Generation Kill – MKUltra
Generation Kill is a five-piece Crossover Thrash Metal band formed in 2008 by Rob Dukes. He spent a decade with Exodus, one of the most heavily favored bands to fill a slot in an expanded Big 6 of Thrash. Heading out on his own, he brought in a series of musicians that have helped create a heavy sound that weaves through thrash, Hardcore, Speed, and Melodic metals. The current lineup recently shredded stages throughout the Midwest and Northeast United States with Dead By Wednesday and a lot of local talent bands at each stop, using their influence to help the next generation of metal.
- Rob Dukes –Vocals
- Jason Velez – Guitars
- Jason Trenczer – Guitars
- Max Velez – Bass
- Rob Youells – Drums
MKUltra was released via Art Is War Records on January 28, 2022. https://www.artiswarrecords.com
- Never Relent (feat. Gary Holt)
- Evil Eye (feat. Chris Poland)
- Into The Black
- Dogs Of War (feat. John Joseph)
- Opiate Of the Misinformed Masses
- Rat King
- Mold Of Clay (MKUltra 2)
- Life Of Sin
- La Fin Du Monde
The album opens with “Never Relent,” a heavy track that uses a melodic intro to lull you into a false sense of serenity, only to have that smashed with a crushing riff, bombastic rhythm, and fierce vocals. This track features Gary Holt of Exodus and Slayer fame. This track is, first and foremost, thrash metal. It is heavy, it’s angry, and there is no happy ending. What you do get is an exhortation to keep pushing forward, regardless of those who would stand in your way. The moral of this story is, “don’t let the bastards wear you down.”
The title track is next, and there is a more hardcore feel to the rhythm and guitar work. Even the vocals have that tinge to them. The sludgy breakdown in the middle is absolutely killer. The way they transition to the solo from the breakdown is a classic move, and it works very well in this song. The rapid-fire delivery of the lyrics gives the song an even more violent sense of urgency. You want to listen to this song when you need to vent some anger and have the music take the edge off.
“Evil Eye” has a killer, chugging riff and some excellent lead guitar work over it. The video for this one is built like a classic horror film, meant to instill terror and fear. This song could be on the soundtrack of a horror film, playing during one of the death scenes. It’s too intense for a stalking scene, so I’d use it in the background of a nice gory kill.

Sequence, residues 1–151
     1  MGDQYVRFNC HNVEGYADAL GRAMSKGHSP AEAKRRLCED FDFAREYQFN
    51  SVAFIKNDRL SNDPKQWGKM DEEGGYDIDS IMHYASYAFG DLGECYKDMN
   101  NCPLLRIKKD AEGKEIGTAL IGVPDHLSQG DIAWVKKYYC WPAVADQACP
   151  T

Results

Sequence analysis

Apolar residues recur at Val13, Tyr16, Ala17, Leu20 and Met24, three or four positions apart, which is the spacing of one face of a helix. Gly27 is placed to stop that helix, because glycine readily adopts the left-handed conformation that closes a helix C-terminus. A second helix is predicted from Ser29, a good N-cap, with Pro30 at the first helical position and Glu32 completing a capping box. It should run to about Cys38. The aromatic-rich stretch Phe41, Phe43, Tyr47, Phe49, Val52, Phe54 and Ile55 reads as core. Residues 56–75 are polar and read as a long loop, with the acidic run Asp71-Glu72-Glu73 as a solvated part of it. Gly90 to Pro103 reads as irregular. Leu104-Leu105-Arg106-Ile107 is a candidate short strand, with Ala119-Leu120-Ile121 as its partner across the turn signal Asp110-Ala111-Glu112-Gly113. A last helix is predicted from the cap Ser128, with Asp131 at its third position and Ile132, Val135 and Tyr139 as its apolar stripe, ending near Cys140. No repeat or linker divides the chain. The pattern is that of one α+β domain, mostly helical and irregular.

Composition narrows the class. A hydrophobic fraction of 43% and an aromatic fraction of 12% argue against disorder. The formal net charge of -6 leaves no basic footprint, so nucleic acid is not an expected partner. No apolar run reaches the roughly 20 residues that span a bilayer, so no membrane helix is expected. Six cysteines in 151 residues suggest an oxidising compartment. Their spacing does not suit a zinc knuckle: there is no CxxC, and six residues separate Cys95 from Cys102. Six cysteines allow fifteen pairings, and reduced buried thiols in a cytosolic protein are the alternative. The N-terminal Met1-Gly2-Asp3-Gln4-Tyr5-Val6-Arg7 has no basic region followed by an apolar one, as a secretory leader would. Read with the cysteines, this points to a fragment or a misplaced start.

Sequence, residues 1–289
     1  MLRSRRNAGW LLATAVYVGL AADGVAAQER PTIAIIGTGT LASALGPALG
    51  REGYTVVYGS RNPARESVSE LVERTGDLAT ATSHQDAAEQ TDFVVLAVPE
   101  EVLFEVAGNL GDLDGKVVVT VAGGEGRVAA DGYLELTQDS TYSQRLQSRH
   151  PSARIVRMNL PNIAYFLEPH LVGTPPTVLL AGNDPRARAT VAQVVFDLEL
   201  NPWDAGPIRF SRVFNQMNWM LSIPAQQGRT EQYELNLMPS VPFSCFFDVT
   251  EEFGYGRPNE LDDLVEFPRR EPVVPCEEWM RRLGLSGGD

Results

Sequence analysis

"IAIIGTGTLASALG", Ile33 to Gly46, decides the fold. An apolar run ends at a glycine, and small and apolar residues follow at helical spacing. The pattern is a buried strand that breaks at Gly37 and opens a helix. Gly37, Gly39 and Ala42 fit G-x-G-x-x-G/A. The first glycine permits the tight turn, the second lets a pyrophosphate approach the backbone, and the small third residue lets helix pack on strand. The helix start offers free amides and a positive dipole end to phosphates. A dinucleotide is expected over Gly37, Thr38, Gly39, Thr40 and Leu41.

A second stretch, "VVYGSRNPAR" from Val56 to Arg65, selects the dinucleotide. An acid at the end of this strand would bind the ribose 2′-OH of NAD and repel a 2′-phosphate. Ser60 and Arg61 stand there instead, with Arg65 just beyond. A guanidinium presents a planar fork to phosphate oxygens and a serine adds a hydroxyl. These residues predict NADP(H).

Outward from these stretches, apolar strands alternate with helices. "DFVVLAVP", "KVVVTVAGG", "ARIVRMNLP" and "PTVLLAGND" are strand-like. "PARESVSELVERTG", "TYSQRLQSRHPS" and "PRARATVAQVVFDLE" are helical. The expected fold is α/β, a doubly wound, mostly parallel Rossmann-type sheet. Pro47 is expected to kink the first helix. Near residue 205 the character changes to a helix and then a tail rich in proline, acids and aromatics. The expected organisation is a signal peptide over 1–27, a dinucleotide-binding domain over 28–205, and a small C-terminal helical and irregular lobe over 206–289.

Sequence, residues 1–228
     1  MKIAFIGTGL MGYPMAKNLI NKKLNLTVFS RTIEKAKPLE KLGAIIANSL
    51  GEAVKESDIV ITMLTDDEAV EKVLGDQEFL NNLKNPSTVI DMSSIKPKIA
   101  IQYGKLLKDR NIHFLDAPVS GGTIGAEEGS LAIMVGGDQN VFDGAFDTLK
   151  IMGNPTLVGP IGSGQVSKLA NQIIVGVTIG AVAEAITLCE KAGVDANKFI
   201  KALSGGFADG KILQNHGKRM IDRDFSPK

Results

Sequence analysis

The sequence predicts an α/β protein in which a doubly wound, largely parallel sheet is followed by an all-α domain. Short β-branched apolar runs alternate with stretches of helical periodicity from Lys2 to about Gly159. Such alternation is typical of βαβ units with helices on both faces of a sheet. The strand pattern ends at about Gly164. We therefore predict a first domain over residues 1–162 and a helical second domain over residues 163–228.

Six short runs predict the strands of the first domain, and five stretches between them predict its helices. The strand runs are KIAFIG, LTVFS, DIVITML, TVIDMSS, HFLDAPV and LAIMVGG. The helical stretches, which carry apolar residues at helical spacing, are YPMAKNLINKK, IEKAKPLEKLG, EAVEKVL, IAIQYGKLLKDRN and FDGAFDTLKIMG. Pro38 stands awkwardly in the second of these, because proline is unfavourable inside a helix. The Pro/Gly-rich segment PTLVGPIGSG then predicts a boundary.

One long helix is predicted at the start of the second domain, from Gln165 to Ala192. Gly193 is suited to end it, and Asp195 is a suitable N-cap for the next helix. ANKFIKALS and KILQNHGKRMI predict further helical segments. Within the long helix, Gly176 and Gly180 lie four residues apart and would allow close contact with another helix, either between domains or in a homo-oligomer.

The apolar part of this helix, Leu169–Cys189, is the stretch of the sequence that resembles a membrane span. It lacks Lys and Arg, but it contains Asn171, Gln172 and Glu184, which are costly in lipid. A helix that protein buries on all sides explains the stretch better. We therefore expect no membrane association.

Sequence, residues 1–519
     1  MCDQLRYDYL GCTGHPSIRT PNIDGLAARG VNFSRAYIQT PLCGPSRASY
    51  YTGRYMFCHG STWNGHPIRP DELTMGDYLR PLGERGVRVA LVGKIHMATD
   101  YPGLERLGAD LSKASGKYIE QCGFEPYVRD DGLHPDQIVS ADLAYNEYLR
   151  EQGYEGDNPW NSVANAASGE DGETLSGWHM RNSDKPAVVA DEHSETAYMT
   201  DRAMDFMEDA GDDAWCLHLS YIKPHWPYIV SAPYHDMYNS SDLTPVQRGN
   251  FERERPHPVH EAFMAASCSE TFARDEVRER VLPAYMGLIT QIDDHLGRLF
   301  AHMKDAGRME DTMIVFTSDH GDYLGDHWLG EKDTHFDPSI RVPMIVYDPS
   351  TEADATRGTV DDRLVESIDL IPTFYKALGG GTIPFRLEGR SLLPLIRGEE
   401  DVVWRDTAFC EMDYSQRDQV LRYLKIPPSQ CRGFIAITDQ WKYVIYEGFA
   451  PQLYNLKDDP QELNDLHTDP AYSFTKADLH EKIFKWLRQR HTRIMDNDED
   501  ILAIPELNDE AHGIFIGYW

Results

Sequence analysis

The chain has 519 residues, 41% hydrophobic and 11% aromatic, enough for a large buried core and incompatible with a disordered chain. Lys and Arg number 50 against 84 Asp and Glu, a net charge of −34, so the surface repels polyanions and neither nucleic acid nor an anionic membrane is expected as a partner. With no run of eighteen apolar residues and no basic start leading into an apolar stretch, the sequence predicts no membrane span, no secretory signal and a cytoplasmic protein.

“Into The Black” is a heavy, rapid-fire tempo song with brutal lyric delivery. The grit in the voice is a perfect match for the content of the music. It’s much the same for most of the songs on this record. “Dogs of War” and “Opiate of the Misinformed Masses” are both heavy on social commentary, speaking about how the weak-minded are often misled and abused to further a cause.
Some of the video imagery is of the capital riots and the addiction to social media and technology. “Opiate” is more melodic and has a tone of despair, hinting that the mind is gone and the soul is lost. The bullying and groupthink that goes with social media fame can have devastating consequences when it turns on you. The guitar work is often delicate, making it much harsher when it gets shoved aside for a heavy section.
“Opiate” is my favorite song on this record because it is the most emotionally relatable. The composition is fantastic, ebbing and flowing with the tone of the lyrics and the amount of emotion going on in the mind. The vocals are everything from subdued to brutal, and the rhythm is the most well-balanced on the disc, in my opinion. The whole song is everything I like about heavy metal; it makes me think, feel, and question my preconceived ideas.
For some light-hearted fun, “Rat King” imagines a world where the rats win, and humans are eradicated. Just picture that for a moment. Humans disappear, and the rats rule the earth. You end up just being food; you lose. “Mold Of Clay” opens with spoken word and a heavy riff. The drums are superb on this track, using variable patterns and phrases to maximum effect. This is the track about making the perfect killing machine, turning “soldiers” into machines. The cult of personality is running the show here, molding the people into what he needs to rule the world.
“Life Of Sin” is another melodic song. I know it is hard to believe thrash can be melodic, but here it is. The lead guitar work is stunning, giving a lot of extra tone to the track. Those leads are scattered throughout the album, but sometimes they stand out a little more than others. Great bands use these things to accentuate the compositions to the best effect, making the song feel a little bigger, better than it would be without the flair.
Wrapping the disc is “La Fin Du Monde,” translated from French to be “the end of the world.” This one opens with a piano before the guitar comes chugging in. After a quick dose of Dukes, the rhythm fires off, shattering the calm the intro provided. The shifts from heavy to melodic are elegant and so very well executed. If “Opiate Of The Misinformed Masses” had not already grabbed my brain, this would easily be the favored track. Songs that go from one style to another get my blood pumping.
Generation Kill is one of those bands I had heard of but had not really dug into. After seeing them live, I knew I had to correct that, and I am so glad I did. This is a band that I wish I had found earlier. I feel their lyrics, which I consider one of the primary markings of an excellent band. I relate to the words, get lost in the melodies, and love the heaviest parts of their songs. Make no mistake; I will be digging much deeper into this band in the near future.
- Guitars – 9
- Rhythms – 9
- Vocals – 9
- Songwriting – 10
- Production – 9
- Overall – 9.20